The Brazilian authorities have today announced a 55 billion Reais ($32 billion) cut in government spending for 2012. This is roughly in line with what investors had hoped for and further illustrates the massive improvement in the Brazilian authorities and their handling of the economy over the last 10 or 20 years. So what does this mean for the Brazilian government and the outlook for the Brazilian economy?
Brazilian actions as sweet as a nut
When you take into account the fact that total government expenditure for 2012 is expected to be around 1.5 trillion Reais the confirmed budget cut of around 55 billion Reais is a significant move in the right direction. This comes at a time when the Brazilian authorities are under pressure from international investors who are looking for the government to take the lead over the ongoing worldwide economic crisis which will at some point, if it continues, impact upon growth in South America.
Thankfully the authorities have anticipated this potential problem in the short to medium term and the reduction in government spending for 2012 should give the Brazilian Central Bank significant scope to reduce interest rates in the short to medium term if and when required. When you take into account the 55 billion Reais reduction in spending is on top of the 50 billion Reais reduction last year it does begin to have an impact upon sentiment and gives an all-round belief that the authorities are more in control than ever before.
There is no doubt that investors have been reissued by the government’s early decision to cut government spending in 2012 as a means of reducing the potential increase in national debt while maintaining a focus upon growing economy. On the surface it may seem difficult to comprehend how you can cut government spending while also continuing to focus upon the economy but there have been further developments under the surface.
In a sign of the times the government has confirmed that infrastructure and housing programs will not lose so much as a Real from the announced budget cuts and will effectively be ring fenced. The housing program will attempt to help those at the bottom end of the income scale while the investment in infrastructure will support the employment market and local businesses. All in all, the decision to leave these two particular areas ring fenced and untouched is seen as vital to the stability of the economy going forward and confidence in the government.
Will Brazil continue to grow?
At the same time as announcing these expected budget cuts the government has also confirmed it is still targeting economic growth for 2012 of at least 4%. While this may look slightly ambitious against the third-quarter figures for 2011, which saw the economy flat line, we have to take into account this was against a very difficult worldwide economic backdrop. If the authorities are able to maintain growth of around 4% in the Brazilian economy in the short to medium term this will almost certainly confirm that the dark days of years gone by have been left well and truly behind.
It is also worth taking into account that the Brazilian economy is the largest in South America and as such tends to lead the area in relation to economic activity. So while other large economies in South America have their own agendas and their own policies, in many ways they are all hanging on the every word of the Brazilian government to see exactly what it will do in the short to medium term and the outlook for the Brazilian economy and the South American economy.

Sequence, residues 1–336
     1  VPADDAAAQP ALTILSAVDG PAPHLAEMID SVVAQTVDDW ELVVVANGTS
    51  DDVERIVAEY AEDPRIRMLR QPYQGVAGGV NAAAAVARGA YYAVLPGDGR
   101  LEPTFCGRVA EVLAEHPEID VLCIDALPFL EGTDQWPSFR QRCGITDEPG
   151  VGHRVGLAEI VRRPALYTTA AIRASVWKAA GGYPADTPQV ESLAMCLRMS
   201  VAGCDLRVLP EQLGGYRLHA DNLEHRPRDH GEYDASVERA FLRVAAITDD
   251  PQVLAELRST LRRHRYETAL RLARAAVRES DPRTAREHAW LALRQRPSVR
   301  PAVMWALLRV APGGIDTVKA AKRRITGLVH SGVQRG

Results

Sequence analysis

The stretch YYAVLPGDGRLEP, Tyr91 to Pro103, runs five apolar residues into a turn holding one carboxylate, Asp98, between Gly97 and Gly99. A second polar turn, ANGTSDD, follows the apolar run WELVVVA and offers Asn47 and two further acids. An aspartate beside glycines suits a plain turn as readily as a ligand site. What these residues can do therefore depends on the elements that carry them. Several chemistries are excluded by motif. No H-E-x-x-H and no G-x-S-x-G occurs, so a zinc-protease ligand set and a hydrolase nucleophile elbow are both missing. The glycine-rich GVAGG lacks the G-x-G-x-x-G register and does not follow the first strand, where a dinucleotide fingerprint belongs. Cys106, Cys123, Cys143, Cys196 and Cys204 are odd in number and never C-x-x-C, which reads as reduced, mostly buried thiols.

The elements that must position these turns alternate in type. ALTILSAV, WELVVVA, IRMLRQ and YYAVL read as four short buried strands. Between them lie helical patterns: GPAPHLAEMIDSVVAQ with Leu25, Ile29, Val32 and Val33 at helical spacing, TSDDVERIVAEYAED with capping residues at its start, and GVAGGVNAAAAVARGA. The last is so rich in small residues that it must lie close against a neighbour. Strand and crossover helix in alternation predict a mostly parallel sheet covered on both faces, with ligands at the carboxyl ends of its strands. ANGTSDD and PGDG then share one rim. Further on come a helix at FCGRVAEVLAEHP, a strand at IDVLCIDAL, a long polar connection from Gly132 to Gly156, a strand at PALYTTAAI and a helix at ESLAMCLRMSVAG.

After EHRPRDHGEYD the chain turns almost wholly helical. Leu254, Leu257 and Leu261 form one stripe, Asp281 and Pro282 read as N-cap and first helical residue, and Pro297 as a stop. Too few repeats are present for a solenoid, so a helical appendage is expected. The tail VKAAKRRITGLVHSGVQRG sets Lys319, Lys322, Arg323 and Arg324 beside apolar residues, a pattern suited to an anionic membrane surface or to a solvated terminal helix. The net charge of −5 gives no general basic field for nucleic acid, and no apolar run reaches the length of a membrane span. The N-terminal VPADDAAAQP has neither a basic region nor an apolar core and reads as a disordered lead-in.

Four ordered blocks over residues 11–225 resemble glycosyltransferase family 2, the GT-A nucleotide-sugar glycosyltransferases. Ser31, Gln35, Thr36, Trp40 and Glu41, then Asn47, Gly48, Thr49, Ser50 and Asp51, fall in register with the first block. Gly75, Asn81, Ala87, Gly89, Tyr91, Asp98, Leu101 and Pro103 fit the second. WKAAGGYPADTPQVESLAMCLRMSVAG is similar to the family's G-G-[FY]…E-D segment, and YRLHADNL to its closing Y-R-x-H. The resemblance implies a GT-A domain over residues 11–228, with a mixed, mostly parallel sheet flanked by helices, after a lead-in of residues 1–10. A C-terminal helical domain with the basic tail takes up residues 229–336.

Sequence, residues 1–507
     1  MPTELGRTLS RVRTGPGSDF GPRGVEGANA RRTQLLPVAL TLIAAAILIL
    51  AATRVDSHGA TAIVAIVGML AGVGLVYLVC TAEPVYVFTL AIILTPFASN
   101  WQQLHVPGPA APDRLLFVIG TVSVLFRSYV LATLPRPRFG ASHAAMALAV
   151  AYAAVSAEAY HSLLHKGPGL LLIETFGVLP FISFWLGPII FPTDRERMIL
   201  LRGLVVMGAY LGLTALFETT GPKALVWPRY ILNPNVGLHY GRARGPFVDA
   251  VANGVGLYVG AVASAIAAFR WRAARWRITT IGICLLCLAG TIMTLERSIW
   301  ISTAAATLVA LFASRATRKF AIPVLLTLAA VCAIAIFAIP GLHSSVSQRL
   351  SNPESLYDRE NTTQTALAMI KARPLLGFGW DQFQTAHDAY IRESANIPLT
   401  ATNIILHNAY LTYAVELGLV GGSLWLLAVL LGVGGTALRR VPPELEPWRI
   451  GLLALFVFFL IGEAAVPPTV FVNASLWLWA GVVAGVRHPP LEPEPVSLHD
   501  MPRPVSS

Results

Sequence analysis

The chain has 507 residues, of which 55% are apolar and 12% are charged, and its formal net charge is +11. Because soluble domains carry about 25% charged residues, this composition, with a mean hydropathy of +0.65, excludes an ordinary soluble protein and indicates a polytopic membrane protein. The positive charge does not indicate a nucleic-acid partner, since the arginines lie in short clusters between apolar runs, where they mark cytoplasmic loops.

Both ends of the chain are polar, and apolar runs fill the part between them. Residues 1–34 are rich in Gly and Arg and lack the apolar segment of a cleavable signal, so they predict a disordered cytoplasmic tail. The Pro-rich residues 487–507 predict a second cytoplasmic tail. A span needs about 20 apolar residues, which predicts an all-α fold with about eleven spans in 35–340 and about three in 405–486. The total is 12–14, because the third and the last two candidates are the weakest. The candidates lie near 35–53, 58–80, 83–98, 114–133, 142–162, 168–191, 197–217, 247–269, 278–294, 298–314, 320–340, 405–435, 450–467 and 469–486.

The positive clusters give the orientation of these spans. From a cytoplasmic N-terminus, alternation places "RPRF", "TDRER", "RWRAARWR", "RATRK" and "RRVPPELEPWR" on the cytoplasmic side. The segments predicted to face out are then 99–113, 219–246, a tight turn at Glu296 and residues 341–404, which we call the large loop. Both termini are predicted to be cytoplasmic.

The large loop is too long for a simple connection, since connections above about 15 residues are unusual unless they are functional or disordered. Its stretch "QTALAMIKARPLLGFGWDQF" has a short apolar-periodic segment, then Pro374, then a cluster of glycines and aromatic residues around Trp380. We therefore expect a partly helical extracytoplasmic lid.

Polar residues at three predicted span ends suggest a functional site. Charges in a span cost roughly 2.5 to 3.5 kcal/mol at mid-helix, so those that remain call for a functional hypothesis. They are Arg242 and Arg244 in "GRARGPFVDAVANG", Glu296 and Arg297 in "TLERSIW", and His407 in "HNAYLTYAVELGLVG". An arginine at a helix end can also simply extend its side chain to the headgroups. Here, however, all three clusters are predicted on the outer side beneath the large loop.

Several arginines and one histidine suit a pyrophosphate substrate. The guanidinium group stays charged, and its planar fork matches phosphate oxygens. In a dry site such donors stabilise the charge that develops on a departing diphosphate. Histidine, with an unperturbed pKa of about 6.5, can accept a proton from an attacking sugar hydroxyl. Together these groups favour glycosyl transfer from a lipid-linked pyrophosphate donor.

Who would have guessed we would see austerity in Brazil!
It seems bizarre at times to be talking about Brazil and austerity measures in tandem with economic growth expected to be, in the words of the government, at least 4% this year. If we take a step back 10 or 20 years we see a very different Brazil with a very different political background and a very different economic outlook. As we have mentioned on numerous occasions, many investors believe that Brazil was something of an “economic basket case” in years gone by with very few investors looking beyond the short term and many staying away from the region.
However, the amazing change in the South American economy as a whole has seen Brazil take the lead and other countries such as Argentina following suit. There is also a very strong relationship with the Chinese government and the Chinese economy does play a central role in South America. It will be interesting to see how the major economies of South America manage to navigate the good ship “South America” through the ongoing worldwide economic turmoil and whether they will reach calmer waters before the situation has any impact upon South America.
Investor confidence builds again
It is very difficult to underestimate the value of investor confidence in Brazil, the Brazil economy and in particular the Brazilian government. At this moment in time it seems that the authorities have not yet put a foot wrong over the last couple of years and appear to be heading in a very different direction to the likes of the UK, Europe and the USA. Even though there will be mistakes at some point and the economy will suffer, especially if Europe and America continues to struggle, in relative terms the strength of the Brazilian economy is inspirational.
Investor confidence in the region, against a backdrop of investors pulling out of Europe, leaves significant “safe haven” money looking for a home in the short to medium term. We have recently seen Australia attracting the attention of investors due to its own “safe haven” tag and many believe that Brazil will follow suit. The relative strength of the region is higher than it has been in living memory and the economies of Brazil, Argentina and the other countries making up the South American economy have all benefited. When will it end?